Like other reviewers, I was a bit frustrated by the writing style and number of characters at the beginning, but I am glad I stuck with it and finished. The story was very interesting and insightful not only about the period of the Maccabees, but also about the Bible in general.

One disappointment was that the author didn't include a more thorough afterward, giving a quick nonfiction overview of the Maccabean revolt, sources of information, where he deviated from historical records for the sake of the story, and what happened (or would have happened) after his story ends. Also a map of Jerusalem might have been helpful, though it wasn't necessary. ( )
  cej1027 | Nov 27, 2015 |
This review was written for LibraryThing Early Reviewers.
I like fiction that recounts specific components of the Bible (included in the "publicly released" version of the Bible, or not) without being an actual lecture/sermon. I think the nature of the source material lends itself to being seen as "preachy"... even when, as in this case, it is not.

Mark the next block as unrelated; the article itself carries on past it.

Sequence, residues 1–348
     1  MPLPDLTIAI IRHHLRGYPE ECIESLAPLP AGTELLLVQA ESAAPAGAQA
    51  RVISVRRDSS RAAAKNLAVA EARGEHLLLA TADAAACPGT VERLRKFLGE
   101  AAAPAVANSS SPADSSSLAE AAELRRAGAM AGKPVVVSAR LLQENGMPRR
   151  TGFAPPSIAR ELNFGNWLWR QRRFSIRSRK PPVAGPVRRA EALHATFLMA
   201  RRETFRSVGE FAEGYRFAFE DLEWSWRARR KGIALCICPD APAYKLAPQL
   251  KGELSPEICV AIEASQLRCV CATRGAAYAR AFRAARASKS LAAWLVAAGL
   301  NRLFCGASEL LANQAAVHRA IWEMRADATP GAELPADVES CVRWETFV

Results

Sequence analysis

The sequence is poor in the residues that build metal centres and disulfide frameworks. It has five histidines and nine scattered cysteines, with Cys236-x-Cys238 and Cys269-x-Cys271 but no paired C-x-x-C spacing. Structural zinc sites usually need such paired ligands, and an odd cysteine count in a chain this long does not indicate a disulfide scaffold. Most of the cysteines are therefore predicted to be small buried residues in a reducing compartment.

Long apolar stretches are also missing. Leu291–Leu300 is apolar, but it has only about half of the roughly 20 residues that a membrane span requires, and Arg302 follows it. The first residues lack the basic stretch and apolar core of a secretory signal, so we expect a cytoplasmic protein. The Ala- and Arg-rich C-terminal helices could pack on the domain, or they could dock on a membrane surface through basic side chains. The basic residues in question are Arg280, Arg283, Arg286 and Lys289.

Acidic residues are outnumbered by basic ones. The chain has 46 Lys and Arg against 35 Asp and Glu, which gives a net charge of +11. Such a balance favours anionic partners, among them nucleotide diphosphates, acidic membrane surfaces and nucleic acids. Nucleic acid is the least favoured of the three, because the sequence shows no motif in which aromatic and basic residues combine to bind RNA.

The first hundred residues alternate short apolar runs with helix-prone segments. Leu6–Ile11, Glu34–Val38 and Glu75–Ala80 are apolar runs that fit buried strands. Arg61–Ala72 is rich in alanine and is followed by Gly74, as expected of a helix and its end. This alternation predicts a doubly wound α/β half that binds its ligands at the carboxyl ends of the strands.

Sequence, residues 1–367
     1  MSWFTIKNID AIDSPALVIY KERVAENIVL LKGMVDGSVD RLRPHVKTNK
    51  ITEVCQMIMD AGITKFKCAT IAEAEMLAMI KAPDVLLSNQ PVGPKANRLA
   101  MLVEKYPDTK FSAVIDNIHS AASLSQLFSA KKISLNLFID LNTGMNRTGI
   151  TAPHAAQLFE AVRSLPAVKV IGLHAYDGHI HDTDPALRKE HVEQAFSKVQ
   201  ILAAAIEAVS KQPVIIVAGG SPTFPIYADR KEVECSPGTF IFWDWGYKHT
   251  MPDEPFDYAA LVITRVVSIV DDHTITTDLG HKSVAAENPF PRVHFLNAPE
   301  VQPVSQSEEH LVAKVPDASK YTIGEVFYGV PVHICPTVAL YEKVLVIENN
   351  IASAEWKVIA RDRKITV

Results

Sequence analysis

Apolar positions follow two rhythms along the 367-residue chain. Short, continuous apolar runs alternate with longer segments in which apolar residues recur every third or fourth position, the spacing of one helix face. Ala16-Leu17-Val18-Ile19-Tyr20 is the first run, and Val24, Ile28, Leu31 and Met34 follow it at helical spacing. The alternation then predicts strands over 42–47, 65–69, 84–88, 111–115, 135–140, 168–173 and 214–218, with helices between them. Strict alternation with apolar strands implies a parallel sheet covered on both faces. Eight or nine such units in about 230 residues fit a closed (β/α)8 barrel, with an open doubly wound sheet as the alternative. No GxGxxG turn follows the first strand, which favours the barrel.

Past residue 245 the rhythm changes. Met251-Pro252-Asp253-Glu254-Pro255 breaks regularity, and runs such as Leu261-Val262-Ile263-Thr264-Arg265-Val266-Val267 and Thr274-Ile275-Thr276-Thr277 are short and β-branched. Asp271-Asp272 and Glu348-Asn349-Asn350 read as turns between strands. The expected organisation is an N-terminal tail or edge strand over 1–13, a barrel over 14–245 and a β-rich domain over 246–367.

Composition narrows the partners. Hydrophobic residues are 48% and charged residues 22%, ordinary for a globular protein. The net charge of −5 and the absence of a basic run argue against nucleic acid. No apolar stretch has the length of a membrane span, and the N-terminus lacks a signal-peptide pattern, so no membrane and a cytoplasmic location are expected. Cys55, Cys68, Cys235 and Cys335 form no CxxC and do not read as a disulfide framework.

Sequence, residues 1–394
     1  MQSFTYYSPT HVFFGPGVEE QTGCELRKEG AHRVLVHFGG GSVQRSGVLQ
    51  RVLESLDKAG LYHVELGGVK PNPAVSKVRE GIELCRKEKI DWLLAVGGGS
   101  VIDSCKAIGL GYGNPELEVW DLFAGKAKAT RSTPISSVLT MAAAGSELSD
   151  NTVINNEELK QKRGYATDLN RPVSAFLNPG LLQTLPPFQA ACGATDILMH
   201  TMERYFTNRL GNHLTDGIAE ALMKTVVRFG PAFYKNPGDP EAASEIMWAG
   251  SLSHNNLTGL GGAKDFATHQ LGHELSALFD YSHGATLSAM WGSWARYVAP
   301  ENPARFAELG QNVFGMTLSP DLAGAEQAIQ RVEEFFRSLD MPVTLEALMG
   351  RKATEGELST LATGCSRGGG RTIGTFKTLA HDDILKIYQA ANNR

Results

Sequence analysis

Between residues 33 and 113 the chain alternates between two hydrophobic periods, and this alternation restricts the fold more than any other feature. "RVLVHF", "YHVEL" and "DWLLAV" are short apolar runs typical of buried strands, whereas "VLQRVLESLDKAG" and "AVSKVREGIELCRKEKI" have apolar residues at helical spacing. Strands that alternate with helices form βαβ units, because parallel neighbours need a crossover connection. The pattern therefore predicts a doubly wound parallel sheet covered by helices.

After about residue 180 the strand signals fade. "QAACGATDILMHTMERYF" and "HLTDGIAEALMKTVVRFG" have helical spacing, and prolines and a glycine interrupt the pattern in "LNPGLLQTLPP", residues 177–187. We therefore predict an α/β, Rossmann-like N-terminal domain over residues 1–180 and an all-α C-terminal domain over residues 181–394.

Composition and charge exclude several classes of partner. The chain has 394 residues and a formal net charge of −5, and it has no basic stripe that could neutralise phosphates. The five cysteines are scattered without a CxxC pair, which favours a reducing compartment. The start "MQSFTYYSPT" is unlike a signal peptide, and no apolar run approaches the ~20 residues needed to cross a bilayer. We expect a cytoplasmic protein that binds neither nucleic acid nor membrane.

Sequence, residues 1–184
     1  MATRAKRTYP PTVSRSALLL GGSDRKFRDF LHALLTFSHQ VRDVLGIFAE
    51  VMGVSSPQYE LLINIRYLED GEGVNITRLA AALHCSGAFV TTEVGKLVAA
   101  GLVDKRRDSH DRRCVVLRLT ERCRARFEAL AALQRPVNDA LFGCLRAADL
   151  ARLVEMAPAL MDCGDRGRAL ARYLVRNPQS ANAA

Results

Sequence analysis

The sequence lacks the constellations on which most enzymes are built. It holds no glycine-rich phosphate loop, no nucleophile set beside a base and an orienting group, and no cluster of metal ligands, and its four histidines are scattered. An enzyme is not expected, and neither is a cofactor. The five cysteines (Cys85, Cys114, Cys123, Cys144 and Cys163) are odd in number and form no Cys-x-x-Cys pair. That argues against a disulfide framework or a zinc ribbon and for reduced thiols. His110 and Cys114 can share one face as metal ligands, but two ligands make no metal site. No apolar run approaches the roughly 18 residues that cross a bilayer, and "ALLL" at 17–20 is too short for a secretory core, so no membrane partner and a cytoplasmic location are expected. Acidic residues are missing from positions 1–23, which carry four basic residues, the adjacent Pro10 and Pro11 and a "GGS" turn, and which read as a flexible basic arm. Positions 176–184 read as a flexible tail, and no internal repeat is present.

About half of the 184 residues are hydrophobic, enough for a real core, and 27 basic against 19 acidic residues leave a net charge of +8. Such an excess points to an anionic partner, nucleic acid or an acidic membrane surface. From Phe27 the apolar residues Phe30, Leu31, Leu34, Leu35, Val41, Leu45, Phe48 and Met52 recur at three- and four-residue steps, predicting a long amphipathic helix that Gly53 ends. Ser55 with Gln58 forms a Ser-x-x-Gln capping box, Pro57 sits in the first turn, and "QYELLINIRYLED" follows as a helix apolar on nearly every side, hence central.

We are shown what life might have been like in the times leading up to the Maccabean Revolt - of course there is no way to know how it would REALLY have been, but this version of that time period is as believable as any other.

I thought it was well-written and factually interesting... though it was a little bit on the "documentary" side. This is not a bad thing, as long as you know you're not getting an action novel. ( )
  crazybatcow | Sep 10, 2015 |
This review was written for LibraryThing Early Reviewers.